Plants live in tight association with microbes, especially belowground where fungi and bacteria live on and inside the roots of plants. The relationship can be beneficial or harmful to the plant. Some microbes cause plant diseases by decomposing roots. Others trade nutrients with the roots in return for sugars produced aboveground by leaves.
We investigate two main aspects of the relationship between plants and microbes in the soil. First, as it pertains to weeds, we want to know if soil microbes can help or hinder plant invasions. Three highly invasive weeds of contrasting life history strategies; cheatgrass, knapweed and leafy spurge, co-occur with remnants of native plant vegetation. This creates a unique opportunity to observe, characterize, and manipulate interactions between plants and belowground microbial communities. We outline a number of short, intermediate and long-term research projects that will significantly enhance our knowledge regarding plant microbe interactions and soil processes, with the overall goal to better understand, predict and counteract plant invasions, and to restore and manage invaded ecosystems.
Second, we seek to understand how the relationship between plants and soil influences the function of ecosystem processes. Soil microbes are responsible for organic matter decomposition and nutrient cycling between the atmosphere and the land. On this project we collaborate with the Earth Microbiome Project (EMP). The goal is to map and understand the diversity of microorganisms in habitats around the world. We mapped microbial diversity and function across gradients of weed invasions.
Native reptiles and amphibians help maintain healthy ecosystems across MPG Ranch. Several species control rodent and insect populations. Others help regulate vegetative growth along our floodplain. The majority of juvenile herpetafauna provide quality protein for a variety of higher order predators, while many adults ultimately become a substantive meal for our largest predators. MPG Ranch provides reptile habitat for five native snakes including Bullsnakes, Common Gartersnakes, Wandering Gartersnakes, Eastern Yellow-Bellied Racers, and Northern Rubber Boas as well as one native turtle, the Western Painted Turtle. Surveyed amphibians include Columbia Spotted Frogs, Rocky Mountain Tailed Frogs, Western Toads, the invasive American Bullfrog, and Long-Toed Salamanders. Current research projects focus on the population characteristics of Western Painted Turtles at our Clubhouse Pond, Western Toad migration patterns across the breadth of the ranch, and the large-scale genetic lineages of garter snake species across Western Montana. In addition to these projects, we strive to improve, sustain, and create native habitat by controlling invasive species, enhancing habitat features and building ponds in upland draws.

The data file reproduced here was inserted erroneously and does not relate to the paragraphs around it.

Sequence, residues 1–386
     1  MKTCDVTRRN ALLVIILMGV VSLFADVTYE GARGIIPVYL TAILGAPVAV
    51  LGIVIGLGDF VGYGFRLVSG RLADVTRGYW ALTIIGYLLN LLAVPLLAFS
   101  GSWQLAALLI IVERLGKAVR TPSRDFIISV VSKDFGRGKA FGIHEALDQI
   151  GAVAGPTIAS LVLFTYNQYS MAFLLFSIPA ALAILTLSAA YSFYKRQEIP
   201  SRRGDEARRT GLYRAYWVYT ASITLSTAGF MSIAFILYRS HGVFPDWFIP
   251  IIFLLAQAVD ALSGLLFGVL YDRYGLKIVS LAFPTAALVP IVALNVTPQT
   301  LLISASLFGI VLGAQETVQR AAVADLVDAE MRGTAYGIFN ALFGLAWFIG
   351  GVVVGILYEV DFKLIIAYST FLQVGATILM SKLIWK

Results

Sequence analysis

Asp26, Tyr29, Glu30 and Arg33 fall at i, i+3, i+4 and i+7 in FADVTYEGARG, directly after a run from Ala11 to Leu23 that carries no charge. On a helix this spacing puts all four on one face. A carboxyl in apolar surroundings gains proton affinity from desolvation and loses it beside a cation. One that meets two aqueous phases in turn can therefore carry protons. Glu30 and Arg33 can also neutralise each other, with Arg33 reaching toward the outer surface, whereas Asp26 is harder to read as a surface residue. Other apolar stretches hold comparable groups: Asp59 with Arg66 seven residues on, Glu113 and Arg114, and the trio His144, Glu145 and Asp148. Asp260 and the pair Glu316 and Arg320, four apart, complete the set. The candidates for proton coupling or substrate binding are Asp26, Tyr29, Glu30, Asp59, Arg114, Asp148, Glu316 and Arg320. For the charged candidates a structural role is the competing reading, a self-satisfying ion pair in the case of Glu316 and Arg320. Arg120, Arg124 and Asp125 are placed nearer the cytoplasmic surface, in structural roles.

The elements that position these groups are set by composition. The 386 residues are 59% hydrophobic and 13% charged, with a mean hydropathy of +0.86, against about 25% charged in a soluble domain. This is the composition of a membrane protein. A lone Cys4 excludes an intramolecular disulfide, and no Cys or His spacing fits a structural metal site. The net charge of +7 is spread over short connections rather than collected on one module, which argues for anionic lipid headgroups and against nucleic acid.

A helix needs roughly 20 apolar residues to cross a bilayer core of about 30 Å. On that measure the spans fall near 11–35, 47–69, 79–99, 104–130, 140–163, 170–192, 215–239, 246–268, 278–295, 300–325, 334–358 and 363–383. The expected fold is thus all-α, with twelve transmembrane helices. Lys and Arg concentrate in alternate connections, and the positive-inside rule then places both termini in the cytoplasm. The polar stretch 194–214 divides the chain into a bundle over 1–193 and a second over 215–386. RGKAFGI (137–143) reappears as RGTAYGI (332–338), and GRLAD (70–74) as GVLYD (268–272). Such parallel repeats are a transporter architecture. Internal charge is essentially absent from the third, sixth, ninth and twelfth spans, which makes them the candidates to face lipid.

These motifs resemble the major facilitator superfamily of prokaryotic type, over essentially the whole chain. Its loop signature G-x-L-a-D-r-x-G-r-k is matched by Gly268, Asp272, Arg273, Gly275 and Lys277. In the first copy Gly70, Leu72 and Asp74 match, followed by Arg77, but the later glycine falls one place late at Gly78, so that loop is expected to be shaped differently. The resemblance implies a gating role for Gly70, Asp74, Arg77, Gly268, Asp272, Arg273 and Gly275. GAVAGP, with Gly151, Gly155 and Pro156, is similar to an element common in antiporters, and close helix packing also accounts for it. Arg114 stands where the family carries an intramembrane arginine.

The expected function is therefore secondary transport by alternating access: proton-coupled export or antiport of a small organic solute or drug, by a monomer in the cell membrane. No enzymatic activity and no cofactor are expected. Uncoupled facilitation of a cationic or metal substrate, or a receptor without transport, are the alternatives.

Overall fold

Jeff Pippen wraps up the polinator field season with a field note that details autumn sightings.
10-15-15 Phenology Field Note
11-24-15 Phenology Field Note